• If the float switch fails, even two switches used in succession for redundancy, water will be continuously added to the tank until its owner notices. This will drop the tank’s salinity and kill the livestock, plus flood the floor. This just happened to a friend of mine who travels a lot. Two switches failed, and he lost his livestock that he'd had for over four years.
  • If the protein skimmer overflows, especially if it is external (located outside the sump), RO water will be added non-stop until the owner notices, and this results in the same issues mentioned above.
  • If the aquarist has the RO unit connected to a Nilsen reactor, and the float switch fails or the protein skimmer goes nuts, RO water will be added to the reactor non-stop, which mixes with kalkwasser powder; thus the tank's pH will spike and kill all the livestock. Kalkwasser has a pH of 12, and our livestock lives in a range from 7.9 to 8.3.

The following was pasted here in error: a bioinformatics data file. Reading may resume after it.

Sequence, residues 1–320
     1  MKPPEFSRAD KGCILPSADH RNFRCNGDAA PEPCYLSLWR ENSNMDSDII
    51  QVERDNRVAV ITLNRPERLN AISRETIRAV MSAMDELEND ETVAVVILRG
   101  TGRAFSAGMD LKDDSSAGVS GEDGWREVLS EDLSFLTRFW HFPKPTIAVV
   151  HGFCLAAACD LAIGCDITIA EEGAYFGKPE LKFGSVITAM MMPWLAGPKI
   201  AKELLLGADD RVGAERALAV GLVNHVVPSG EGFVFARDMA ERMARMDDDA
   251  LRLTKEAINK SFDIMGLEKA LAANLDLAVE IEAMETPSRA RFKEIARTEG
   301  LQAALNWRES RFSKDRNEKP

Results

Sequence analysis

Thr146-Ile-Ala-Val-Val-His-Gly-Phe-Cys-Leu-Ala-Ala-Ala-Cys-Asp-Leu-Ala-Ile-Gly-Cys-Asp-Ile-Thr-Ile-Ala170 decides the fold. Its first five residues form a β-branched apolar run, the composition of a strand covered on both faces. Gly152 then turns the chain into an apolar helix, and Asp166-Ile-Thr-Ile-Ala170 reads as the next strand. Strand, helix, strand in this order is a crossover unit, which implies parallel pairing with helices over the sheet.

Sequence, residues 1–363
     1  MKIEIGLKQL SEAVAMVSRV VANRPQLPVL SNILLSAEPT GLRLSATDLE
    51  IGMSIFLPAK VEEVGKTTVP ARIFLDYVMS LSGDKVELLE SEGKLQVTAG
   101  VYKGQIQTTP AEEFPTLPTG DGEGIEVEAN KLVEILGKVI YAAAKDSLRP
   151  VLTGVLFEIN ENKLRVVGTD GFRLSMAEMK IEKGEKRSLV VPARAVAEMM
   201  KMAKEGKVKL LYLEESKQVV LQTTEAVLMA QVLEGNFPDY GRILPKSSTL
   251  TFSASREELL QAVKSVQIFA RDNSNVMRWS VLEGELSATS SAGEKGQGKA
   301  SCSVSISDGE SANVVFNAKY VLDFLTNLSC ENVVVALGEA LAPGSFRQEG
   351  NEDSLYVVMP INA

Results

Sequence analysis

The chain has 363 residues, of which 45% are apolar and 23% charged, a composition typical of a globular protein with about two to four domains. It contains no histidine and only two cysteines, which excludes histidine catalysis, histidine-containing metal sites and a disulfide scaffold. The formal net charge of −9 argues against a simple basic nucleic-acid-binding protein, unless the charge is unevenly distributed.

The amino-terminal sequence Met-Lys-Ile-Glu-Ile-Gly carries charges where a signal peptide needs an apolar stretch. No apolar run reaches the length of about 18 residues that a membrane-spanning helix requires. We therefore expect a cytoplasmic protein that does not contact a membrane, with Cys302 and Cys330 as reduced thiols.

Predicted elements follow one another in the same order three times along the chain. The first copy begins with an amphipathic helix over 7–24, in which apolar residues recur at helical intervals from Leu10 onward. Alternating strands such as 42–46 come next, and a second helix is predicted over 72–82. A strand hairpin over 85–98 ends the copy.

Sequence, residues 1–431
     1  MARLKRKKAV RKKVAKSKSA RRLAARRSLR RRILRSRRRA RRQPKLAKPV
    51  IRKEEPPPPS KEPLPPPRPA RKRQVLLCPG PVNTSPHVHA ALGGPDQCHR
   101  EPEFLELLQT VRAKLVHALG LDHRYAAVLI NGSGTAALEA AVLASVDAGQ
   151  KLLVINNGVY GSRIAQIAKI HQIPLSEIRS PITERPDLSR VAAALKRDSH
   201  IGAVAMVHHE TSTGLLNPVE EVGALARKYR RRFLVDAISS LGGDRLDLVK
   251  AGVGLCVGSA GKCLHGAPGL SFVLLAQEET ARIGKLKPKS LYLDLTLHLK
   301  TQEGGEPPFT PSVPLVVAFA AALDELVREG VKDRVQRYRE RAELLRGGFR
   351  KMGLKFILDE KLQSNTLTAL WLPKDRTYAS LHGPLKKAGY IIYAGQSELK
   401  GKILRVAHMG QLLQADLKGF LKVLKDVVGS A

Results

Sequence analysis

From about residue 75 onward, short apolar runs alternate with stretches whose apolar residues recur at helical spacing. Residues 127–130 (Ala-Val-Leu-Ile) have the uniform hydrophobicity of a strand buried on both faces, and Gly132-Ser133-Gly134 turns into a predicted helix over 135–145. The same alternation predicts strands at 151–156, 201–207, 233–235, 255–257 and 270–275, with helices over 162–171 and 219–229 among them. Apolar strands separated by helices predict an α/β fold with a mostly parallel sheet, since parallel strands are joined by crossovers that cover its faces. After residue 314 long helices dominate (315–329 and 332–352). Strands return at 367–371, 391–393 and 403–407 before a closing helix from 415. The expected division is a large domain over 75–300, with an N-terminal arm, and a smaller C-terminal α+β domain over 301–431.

All of these things can and do happen - almost on a regular basis if the number of posts here on Reef Central is any indication. Several of our club members have suffered from the above incidents. Here's one more scenario to consider:

  • The city's water department came out to replace a resident's water meter. To do so the technician had to sweat in new copper fittings. That water went right through the RO unit, adding contaminated water directly into the sump. Copper levels rose in the tank, and all the invertebrates died. Yes, this actually happened; and over 30 cleaner shrimp and other crabs died in the reef tank.

And one more: